Noah who went out of the ark (triple partitioned protected space much like the garden and Tabernacle) . . . And Noah began to be a farmer, (man of the ground) and he planted a vineyard. Then he drank of the wine and was drunk, and became uncovered in his tent. And Ham, the father of Canaan, saw the nakedness of his father, and told his two brothers outside. But Shem and Japheth took a garment, laid it on both their shoulders, and went backward and covered the nakedness of their father. Their faces were turned away, and they did not see their father’s nakedness.
— Genesis 9:20-23
A Revisit of the Forbidden Tree at the Cross Just Outside the Holy City
On the day of Christ's crucifixion just outside of the holy city, Jerusalem, Jesus took the place of judgment for Adam's crime that occurred just outside of the Garden. The sacrificial altar, made of wood, a symbol of dead humanity overlayed with copper, a metal that symbolizes judgment, was at the entrance of the Tent of Meeting just outside of the Holiest spaces. In keeping with this motif, we could conclude, therefore, that the Tree of Knowledge of Good and Evil was located precisely at the sacrificial altar situated at the door of the Tabernacle. (see the diagram following the introduction) The judgment of Christ, therefore, geographically took place at the scene of humanity's crime.
The Tree of Knowledge of Good and Evil position at the sacrificial altar is confirmed in the New Testament crucifixion scene by two criminals crucified along with Christ. One had an "evil" accusation, and the other had a "good" reply.
. . . one of the criminals who were hanged blasphemed Him, saying, If You are the Christ, save Yourself and us.” (evil)
But the other, answering, rebuked him, saying, “Do you not even fear God, seeing you are under the same condemnation? And we indeed justly, for we receive the due reward of our deeds; but this Man has done nothing wrong.” Then he said to Jesus, “Lord, remember me when You come into Your kingdom.” (good)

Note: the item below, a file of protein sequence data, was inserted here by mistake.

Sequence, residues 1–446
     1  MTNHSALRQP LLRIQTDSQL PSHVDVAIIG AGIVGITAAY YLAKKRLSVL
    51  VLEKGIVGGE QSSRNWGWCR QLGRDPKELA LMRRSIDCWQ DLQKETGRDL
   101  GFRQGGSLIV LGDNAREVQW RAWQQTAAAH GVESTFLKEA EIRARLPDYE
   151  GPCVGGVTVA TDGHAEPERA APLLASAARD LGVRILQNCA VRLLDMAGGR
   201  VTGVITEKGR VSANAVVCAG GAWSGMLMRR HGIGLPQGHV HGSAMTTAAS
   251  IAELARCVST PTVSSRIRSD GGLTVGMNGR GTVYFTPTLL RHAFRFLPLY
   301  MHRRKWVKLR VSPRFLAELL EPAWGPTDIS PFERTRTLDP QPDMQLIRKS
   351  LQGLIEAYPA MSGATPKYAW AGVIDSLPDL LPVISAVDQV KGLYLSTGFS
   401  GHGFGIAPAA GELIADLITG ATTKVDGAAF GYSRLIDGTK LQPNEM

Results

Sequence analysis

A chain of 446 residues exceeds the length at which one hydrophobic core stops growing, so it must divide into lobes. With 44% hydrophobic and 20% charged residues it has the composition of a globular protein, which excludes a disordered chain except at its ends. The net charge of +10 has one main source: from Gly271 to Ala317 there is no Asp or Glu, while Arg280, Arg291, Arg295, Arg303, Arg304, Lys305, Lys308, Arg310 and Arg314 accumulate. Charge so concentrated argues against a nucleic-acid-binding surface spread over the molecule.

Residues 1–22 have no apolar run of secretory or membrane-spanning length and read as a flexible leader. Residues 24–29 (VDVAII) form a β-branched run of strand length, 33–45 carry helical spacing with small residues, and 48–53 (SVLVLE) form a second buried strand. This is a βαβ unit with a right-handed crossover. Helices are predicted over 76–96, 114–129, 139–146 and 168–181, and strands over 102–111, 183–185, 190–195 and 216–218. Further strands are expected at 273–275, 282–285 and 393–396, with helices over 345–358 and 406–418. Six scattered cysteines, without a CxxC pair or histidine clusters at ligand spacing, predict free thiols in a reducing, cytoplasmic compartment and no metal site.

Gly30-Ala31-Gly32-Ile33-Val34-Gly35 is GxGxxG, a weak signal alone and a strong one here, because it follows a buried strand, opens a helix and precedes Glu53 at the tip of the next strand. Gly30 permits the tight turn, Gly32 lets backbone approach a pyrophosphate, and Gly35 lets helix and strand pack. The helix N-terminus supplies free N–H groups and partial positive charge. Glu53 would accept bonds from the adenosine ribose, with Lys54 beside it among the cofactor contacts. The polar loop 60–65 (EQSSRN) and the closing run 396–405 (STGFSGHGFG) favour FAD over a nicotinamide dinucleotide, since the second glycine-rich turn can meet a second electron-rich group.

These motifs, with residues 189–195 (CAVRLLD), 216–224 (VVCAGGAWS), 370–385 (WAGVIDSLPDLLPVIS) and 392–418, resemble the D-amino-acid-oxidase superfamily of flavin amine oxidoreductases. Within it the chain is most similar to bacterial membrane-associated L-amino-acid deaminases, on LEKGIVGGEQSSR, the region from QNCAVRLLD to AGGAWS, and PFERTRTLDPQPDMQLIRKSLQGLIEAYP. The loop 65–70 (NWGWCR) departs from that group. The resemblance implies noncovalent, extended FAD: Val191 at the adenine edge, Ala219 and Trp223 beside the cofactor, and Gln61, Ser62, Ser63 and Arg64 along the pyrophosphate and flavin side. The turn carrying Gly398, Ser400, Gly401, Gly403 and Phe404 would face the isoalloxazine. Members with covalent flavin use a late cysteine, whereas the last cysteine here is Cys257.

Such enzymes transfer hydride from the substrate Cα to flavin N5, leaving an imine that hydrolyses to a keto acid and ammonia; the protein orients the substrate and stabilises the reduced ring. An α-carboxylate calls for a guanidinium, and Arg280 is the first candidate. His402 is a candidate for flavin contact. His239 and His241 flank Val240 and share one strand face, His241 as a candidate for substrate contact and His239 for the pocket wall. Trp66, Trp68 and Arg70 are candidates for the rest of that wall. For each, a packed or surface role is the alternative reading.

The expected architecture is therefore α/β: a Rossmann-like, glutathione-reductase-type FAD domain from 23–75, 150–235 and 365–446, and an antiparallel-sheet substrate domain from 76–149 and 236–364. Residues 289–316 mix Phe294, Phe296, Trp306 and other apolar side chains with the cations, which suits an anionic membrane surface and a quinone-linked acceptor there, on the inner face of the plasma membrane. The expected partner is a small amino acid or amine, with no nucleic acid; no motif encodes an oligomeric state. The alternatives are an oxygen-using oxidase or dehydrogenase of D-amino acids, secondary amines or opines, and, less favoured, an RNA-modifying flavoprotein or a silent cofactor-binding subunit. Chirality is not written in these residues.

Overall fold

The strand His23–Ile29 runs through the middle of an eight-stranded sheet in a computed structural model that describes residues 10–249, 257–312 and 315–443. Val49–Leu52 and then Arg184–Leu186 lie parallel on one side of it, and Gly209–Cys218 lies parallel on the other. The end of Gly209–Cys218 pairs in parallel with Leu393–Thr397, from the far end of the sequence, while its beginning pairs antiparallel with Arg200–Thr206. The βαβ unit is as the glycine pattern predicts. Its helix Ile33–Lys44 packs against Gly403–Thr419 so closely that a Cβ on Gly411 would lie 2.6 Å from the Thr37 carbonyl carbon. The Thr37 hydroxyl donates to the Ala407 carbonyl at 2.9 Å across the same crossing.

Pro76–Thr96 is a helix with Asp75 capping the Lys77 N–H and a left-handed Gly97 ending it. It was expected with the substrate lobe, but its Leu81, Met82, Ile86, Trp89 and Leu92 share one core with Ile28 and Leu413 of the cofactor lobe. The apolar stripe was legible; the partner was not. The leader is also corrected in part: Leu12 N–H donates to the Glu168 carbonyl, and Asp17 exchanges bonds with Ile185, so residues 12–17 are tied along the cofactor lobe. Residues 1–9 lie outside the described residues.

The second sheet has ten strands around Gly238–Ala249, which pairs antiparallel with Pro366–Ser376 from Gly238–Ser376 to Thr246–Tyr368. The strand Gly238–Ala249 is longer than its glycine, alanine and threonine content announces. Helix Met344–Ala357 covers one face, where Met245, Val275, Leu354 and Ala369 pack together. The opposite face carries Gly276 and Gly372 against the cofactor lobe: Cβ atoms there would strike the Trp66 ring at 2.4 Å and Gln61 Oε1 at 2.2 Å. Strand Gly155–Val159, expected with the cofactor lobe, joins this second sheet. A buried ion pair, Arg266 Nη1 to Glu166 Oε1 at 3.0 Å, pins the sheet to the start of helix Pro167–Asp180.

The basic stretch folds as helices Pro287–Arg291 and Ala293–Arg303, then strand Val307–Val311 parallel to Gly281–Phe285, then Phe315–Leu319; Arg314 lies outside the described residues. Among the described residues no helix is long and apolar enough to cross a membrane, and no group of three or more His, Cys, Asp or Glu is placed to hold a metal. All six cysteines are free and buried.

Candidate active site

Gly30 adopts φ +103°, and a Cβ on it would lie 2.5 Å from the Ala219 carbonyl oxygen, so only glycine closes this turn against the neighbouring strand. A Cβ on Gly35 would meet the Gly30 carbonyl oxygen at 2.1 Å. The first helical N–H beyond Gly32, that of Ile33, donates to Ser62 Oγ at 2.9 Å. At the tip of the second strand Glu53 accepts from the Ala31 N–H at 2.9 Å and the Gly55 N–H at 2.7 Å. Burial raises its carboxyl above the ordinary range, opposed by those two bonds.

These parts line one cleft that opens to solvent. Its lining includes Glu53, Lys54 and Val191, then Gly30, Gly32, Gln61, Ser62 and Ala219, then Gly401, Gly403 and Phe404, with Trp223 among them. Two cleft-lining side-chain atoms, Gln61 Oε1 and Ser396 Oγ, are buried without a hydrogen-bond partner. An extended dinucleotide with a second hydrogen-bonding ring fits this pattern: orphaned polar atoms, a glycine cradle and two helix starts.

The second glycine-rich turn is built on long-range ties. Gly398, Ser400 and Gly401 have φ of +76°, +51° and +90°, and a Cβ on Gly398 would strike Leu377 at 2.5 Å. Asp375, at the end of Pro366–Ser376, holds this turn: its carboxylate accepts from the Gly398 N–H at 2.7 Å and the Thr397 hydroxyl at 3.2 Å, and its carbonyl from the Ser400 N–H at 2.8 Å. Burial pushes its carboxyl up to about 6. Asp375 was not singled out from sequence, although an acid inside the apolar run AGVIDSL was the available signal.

And Jesus said to him, “Assuredly, I say to you, today you will be with Me in Paradise.”
— Luke 23:40-43
The word 'Paradise" at the end of the above portion of Scripture is the definition of the Old Testament Eden. Jesus, the door of Eden (John 10), takes the penalty of humankind on a tree of judgment. The penalty paid allows humanity access once again to God's Holy throne and eternal life.
Seeing then that we have a great High Priest who has passed through the heavens, Jesus the Son of God, let us hold fast our confession. For we do not have a High Priest who cannot sympathize with our weaknesses, but was in all points tempted as we are,yet without sin. Let us therefore come boldly to the throne of grace, that we may obtain mercy and find grace to help in time of need.
— Hebrews 4;14-16
There was no other entrance to the Tent of Meeting except the sacrificial altar entrance.
More Support From Judah and Lot
Two other supportive Old Testament narratives that point to the Tree of Knowledge of Good and Evil being in a different location from the Tree of Life is discovered in the accounts of Judah and Lot,